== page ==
Editor's Note: Lisa Longo is a candidate for the Phoenixville Area School District Board of Directors and also writes "as a concerned parent." Patch actively welcomes and invites local voices submissions from all political candidates (for any politial race) as well as blogs from local voices throughout the community, whether you are a private citizens or elected official. Click here to blog on Phoenixville Patch.
Thursday night there was a special public meeting of the Phoenixville School Board for a vote and discussion of amendments regarding the 2013/2014 budget.
There were three amendments proposed:
- Reduce funding to the Phoenixville Public Library from the requested $508,000 to $490,000
- Eliminate the pay to participate fee
- Eliminate a reserve in the budget of approximately $1,000,000, resulting in no tax increase this year
The first amendment, put forward by Paul Slanika failed to get a second and did not move forward. It is worth mentioning that Board President Jay Gould reminded the Board that the Library has had a “flat” request for the last few years, and faces the same budget issues as the school district. The argument made by Mr. Slanika, that “all children” benefit from a tax increase to the school but not from the library was one he has made before. I responded to this argument at an earlier meeting by reminding the Board and Mr. Slanika that not every taxpayer has a child in our public school but many of them use the Library. I was happy to hear my statement echoed by a Board member last night.
The second amendment, put forward by Kevin Pattison, was quickly seconded and did pass removing the fee that asks families to subsidize sports, clubs and activities. The program contributed approximately $40,000 annually, but also created paperwork, confusion and difficulty for some families according to the discussion.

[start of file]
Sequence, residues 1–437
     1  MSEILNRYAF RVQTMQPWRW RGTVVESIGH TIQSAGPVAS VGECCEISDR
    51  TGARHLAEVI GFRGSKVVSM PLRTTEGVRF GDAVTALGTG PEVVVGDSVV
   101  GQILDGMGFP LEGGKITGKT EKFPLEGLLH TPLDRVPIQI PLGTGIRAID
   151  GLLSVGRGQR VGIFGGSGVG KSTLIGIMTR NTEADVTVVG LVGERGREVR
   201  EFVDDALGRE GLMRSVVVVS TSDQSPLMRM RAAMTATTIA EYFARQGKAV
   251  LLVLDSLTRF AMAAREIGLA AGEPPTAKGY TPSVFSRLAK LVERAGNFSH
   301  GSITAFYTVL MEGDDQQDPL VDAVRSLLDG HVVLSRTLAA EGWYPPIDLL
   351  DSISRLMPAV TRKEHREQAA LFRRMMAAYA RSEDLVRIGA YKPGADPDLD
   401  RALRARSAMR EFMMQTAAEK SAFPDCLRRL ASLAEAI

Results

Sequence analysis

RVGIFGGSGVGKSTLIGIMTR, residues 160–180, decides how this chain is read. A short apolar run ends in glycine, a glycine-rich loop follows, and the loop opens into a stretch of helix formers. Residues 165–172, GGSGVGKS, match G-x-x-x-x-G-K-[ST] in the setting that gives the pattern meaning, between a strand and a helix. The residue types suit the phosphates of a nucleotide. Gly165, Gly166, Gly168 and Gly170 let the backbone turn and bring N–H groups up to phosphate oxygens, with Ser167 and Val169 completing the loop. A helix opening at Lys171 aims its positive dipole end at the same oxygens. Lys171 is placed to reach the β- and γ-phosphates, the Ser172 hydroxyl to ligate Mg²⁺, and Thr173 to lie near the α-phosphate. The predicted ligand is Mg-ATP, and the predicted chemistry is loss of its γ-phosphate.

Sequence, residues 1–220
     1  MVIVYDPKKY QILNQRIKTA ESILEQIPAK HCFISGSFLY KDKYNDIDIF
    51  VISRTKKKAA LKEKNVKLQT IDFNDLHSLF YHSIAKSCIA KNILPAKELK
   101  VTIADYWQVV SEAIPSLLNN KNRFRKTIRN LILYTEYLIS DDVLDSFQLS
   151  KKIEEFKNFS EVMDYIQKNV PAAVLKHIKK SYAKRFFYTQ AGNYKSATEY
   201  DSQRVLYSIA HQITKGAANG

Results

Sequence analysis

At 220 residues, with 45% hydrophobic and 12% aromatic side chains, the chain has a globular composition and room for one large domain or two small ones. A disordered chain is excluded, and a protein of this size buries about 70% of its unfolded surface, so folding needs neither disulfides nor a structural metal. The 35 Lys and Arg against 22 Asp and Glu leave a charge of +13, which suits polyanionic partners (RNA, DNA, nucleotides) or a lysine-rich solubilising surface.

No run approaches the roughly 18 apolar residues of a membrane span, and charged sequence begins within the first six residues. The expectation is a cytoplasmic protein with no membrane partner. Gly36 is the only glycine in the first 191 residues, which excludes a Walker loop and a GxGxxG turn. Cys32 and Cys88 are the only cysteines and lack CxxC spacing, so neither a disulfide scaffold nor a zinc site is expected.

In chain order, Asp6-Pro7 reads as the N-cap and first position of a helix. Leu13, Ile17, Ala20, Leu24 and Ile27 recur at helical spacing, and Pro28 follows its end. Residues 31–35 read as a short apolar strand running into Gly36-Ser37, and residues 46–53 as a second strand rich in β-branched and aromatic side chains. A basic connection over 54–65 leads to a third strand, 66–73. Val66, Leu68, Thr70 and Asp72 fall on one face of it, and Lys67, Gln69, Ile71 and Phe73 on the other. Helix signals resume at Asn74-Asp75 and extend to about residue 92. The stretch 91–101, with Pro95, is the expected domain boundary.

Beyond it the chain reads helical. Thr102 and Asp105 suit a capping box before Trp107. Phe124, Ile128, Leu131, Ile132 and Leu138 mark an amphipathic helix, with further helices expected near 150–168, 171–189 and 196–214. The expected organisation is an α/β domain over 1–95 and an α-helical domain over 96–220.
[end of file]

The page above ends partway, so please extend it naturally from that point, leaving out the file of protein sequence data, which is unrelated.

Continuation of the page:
The third amendment was made by Irfan Khan. This amendment would result in no tax increase this tax year by removing a reserve of approximately $1,000,000. There are several reserves we carry, from health care and pensions to capital projects and an unallocated reserve. Mr. Khan suggested we not fund this reserve this year. This does not reduce the reserve per se, it simply does not increase the fund.
On the first vote, the second amendment passed, eliminating pay to play, as did the third, removing the reserve. This created a budget deficit of approximately $77,000.
The Board then voted on the budget. The budget failed to get the needed 5 votes to pass.
A discussion ensued of how to close the deficit and whether a second vote could take place last night or if legally the Board was required to wait 10 days.
Board director Dan Cushing made an excellent point, one I felt was ignored by the other members. Mr. Cushing stated that with the failure of the Board to pass this budget, and the amendments, both were “dead”. That the administration now had to present a new budget that could get the needed votes to pass. Instead, after a short executive session called for by Board President Josh Gould, who cited “personnel and contract issues” as the reason for the private session, the Board decided to vote on the same budget and same amendments a second time.
Once again the budget failed to get the required votes, but this time, the amendment to remove the reserve also failed to get the required votes.
Before this second vote, which I think may have been improper anyway, there was a suggestion by Mr. Slanika that the shortfall of $77,000 be made up by simply not hiring a teacher next year, the budget calls for 6 new teachers, why not go with 5, he wanted to know. Dr. Fegley responded that we need those teachers to maintain reasonable class sizes due to our enrollment. “The good news is enrollment is increasing”, Dr. Fegley stated. Mr. Khan then suggested the shortfall be made by reducing the reserve for health benefits.
During a short break I suggested to several Board members that there were other places we can reduce the budget, for example, my first suggestion was repairs and maintenance. We are funding a reserve to replace the two turf fields every 10 years at an approximate cost of $2,000,000. We can choose to reduce that reserve by the $77,000 this current year and review the funding in future years.
I also suggested a review of consulting fees we are paying. Either would be more sensible than cutting funds for teaching staff. I also think we need a complete and detailed review of district administration salaries, costs and expenses, which I will call for if elected in November.
I think if we are going to make cuts we need to make them outside of the classroom, and take a good hard look at the overhead costs and see if we can’t find ways to decrease those costs.
Our schools are winning awards, and that is because of our teachers, not our overhead.